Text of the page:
I Can’t Breathe
I was choked out when I was maybe eleven years old. A few more seconds and you wouldn’t be reading this post decades later. I would’ve never heard of Tupac, Biggie, Wu-Tang or Jay-Z because my preteen one hundred pound body would have been buried six feet deep. When a person is being choked they almost instantly lose their ability to fight back. Panic sets in when you realize you can’t breathe and you struggle to speak those words. Blood rushes to your head and your face begins to swell. If it goes on too long, like it did with me, you black out; if you’re lucky enough to survive the encounter, you wake up with broken blood vessels in your face and eyes and the awareness that one bad decision by another person can end your life.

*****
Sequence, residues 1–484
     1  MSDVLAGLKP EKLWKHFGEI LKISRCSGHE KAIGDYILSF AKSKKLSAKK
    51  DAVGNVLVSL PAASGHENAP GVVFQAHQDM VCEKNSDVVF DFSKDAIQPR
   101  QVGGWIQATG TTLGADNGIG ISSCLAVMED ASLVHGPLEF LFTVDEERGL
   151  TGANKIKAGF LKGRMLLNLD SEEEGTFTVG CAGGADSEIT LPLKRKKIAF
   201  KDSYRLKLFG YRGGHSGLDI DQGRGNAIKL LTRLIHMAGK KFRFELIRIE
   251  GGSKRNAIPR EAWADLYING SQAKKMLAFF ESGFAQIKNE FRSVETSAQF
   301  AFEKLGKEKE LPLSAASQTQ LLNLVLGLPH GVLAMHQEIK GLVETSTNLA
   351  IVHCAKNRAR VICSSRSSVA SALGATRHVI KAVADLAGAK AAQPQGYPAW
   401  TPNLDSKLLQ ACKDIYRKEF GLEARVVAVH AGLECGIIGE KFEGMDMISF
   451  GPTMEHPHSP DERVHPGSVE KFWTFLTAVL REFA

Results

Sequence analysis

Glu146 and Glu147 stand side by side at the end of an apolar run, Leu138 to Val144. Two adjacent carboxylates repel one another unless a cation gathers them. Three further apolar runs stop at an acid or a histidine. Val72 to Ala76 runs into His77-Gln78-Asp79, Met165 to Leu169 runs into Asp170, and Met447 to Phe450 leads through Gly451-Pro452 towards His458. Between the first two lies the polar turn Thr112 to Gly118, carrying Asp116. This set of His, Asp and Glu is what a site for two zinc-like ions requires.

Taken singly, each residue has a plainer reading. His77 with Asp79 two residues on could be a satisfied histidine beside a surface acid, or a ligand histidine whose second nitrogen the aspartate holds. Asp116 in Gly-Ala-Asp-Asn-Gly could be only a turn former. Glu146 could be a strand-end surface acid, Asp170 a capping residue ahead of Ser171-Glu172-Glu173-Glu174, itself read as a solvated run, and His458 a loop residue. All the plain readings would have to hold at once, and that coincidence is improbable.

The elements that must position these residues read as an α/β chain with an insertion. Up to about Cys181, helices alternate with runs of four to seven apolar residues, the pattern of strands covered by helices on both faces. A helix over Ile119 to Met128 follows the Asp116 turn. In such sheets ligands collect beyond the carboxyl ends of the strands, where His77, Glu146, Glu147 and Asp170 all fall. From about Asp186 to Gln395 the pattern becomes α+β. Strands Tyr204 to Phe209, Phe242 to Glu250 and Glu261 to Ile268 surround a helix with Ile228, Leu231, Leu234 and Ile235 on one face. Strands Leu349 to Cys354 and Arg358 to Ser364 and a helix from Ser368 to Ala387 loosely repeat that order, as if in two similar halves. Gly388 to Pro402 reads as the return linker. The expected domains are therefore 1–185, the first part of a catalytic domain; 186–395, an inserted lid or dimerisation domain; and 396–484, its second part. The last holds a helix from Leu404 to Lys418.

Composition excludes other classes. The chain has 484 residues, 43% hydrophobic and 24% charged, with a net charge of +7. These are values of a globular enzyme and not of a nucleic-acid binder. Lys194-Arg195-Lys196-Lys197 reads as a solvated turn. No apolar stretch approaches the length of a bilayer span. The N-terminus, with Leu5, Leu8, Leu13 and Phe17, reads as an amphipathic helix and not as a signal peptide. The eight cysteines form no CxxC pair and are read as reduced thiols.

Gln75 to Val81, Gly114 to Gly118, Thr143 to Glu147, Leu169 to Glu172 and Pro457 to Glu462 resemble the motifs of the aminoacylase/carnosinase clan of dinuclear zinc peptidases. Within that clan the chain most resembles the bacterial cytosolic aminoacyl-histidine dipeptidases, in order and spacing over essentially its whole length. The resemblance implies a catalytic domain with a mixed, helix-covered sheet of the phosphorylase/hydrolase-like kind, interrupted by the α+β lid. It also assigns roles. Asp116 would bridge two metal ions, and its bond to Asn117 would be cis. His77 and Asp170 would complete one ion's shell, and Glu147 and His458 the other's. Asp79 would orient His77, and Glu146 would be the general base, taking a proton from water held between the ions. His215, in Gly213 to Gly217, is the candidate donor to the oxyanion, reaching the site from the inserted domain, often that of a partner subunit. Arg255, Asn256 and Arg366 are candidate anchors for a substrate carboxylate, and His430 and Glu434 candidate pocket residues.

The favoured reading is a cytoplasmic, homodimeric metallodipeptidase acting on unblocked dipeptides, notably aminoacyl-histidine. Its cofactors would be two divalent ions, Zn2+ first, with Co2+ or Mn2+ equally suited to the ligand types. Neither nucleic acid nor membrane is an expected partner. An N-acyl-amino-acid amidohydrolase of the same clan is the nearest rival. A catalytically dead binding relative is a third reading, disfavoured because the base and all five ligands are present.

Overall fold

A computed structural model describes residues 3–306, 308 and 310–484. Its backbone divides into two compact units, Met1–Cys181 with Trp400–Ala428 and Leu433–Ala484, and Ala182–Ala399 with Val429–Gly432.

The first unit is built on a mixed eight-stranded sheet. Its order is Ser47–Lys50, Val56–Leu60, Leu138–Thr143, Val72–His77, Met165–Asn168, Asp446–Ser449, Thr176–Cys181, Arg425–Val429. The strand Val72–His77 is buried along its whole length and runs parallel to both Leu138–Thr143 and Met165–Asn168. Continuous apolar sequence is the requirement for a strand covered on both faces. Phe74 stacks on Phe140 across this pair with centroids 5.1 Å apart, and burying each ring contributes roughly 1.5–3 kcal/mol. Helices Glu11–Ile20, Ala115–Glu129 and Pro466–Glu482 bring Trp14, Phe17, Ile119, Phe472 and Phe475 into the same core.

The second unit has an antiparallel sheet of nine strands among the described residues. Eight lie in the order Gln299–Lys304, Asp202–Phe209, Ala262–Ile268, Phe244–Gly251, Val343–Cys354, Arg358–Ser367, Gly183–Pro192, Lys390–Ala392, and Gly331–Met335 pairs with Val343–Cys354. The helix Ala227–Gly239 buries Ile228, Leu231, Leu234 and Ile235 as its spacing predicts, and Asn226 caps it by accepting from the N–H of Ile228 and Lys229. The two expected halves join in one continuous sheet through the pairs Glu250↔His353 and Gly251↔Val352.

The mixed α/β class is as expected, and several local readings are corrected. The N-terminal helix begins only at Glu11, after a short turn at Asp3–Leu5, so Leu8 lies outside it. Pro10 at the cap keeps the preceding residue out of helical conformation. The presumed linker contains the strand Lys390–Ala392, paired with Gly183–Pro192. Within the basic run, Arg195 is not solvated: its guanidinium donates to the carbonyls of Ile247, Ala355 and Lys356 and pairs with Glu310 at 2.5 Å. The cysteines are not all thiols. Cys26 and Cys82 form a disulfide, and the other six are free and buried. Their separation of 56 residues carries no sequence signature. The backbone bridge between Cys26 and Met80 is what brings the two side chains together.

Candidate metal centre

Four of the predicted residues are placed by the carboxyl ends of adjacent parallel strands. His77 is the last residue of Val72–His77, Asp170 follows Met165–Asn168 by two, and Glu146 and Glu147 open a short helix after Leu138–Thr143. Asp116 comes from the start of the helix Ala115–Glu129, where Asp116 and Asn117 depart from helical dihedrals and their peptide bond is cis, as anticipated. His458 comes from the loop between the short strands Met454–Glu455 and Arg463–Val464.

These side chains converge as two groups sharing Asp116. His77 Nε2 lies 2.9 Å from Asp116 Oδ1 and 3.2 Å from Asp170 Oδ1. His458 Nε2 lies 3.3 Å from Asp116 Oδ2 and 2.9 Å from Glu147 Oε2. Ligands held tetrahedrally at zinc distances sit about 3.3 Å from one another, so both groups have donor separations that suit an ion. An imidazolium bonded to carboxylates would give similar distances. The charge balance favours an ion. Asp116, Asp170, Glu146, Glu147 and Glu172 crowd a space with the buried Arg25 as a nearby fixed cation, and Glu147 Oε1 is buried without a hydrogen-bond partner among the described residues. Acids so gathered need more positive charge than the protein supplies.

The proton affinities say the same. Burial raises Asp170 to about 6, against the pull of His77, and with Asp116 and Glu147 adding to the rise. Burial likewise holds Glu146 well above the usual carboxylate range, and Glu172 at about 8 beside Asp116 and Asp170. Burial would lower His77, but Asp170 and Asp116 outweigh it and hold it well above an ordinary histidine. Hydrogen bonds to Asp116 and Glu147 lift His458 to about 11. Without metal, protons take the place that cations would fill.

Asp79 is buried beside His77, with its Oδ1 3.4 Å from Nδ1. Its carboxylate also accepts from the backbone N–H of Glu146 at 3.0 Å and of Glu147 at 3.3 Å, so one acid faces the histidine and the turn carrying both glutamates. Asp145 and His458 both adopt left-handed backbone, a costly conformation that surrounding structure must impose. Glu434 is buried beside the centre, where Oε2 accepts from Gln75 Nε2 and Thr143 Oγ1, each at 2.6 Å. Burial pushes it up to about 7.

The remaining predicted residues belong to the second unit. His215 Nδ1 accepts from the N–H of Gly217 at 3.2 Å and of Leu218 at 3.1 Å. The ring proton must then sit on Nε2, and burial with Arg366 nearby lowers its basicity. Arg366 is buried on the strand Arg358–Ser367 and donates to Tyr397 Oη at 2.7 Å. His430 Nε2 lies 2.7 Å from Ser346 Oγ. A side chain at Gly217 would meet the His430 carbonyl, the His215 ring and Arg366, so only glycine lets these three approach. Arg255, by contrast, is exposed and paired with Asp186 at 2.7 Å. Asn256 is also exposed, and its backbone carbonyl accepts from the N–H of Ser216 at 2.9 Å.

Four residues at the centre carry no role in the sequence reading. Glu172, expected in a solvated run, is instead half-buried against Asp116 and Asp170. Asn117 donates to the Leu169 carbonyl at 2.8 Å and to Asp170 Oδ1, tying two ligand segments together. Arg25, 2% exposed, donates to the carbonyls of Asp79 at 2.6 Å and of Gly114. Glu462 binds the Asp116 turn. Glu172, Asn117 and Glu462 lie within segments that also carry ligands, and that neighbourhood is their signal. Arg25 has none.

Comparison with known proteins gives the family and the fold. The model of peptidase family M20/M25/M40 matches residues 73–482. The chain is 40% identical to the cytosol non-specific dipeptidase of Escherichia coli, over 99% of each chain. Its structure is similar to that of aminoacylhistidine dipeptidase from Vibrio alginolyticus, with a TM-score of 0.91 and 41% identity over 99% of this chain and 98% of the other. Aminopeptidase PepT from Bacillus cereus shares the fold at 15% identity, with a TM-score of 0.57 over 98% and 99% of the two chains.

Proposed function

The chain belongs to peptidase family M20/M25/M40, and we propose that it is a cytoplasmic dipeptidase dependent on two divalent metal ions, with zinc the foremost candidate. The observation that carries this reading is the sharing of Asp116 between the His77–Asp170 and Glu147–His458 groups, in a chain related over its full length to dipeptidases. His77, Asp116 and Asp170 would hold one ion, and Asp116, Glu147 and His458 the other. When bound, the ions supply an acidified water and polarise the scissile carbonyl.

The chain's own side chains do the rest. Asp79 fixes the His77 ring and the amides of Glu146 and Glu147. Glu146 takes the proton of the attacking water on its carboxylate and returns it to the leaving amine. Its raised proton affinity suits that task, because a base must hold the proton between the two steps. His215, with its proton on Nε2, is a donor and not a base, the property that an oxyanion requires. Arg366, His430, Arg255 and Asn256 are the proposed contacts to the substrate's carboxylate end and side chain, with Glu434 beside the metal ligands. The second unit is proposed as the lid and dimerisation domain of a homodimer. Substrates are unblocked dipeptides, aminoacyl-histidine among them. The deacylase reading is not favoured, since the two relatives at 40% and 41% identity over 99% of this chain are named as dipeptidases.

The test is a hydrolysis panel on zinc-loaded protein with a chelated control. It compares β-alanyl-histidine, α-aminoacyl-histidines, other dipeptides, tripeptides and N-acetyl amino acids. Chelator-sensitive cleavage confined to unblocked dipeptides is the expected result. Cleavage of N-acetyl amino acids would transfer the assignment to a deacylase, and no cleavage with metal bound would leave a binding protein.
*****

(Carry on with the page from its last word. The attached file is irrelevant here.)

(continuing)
Once a year the catholic school near my public elementary would throw a carnival near the intersection of I-96 Service Drive and Telegraph Road in Detroit. It was the only carnival for miles and drew a lot of people who wouldn’t normally interact with one another and my family would go nearly every year. I never understood how the same 6 year old black girl who attracted comments from strangers like “She’s such a pretty little girl”, became a threat just by aging seven years.
This past weekend at a church carnival in Norristown, P.A. a 14 year old black girl was placed in a chokehold by a white police officer. The police will tell you they came there to stop a brawl, it was chaos, that no unnecessary force was used. Countless individuals died by the hands of the L.A.P.D. in the 80’s and 90’s because someone cut off their air supply. Eric Garner died in 2014 by the hands of the N.Y.P.D. after being choked out for selling loosies*. Thankfully the teen survived the encounter. She may choose to expose them, or bury them for decades like I did, but the scars remain. Merriam-Webster’s definition of terror is a state of intense fear. You never forget the fear of not being able to breathe.
*loosies- individual cigarettes or loose cigarettes.
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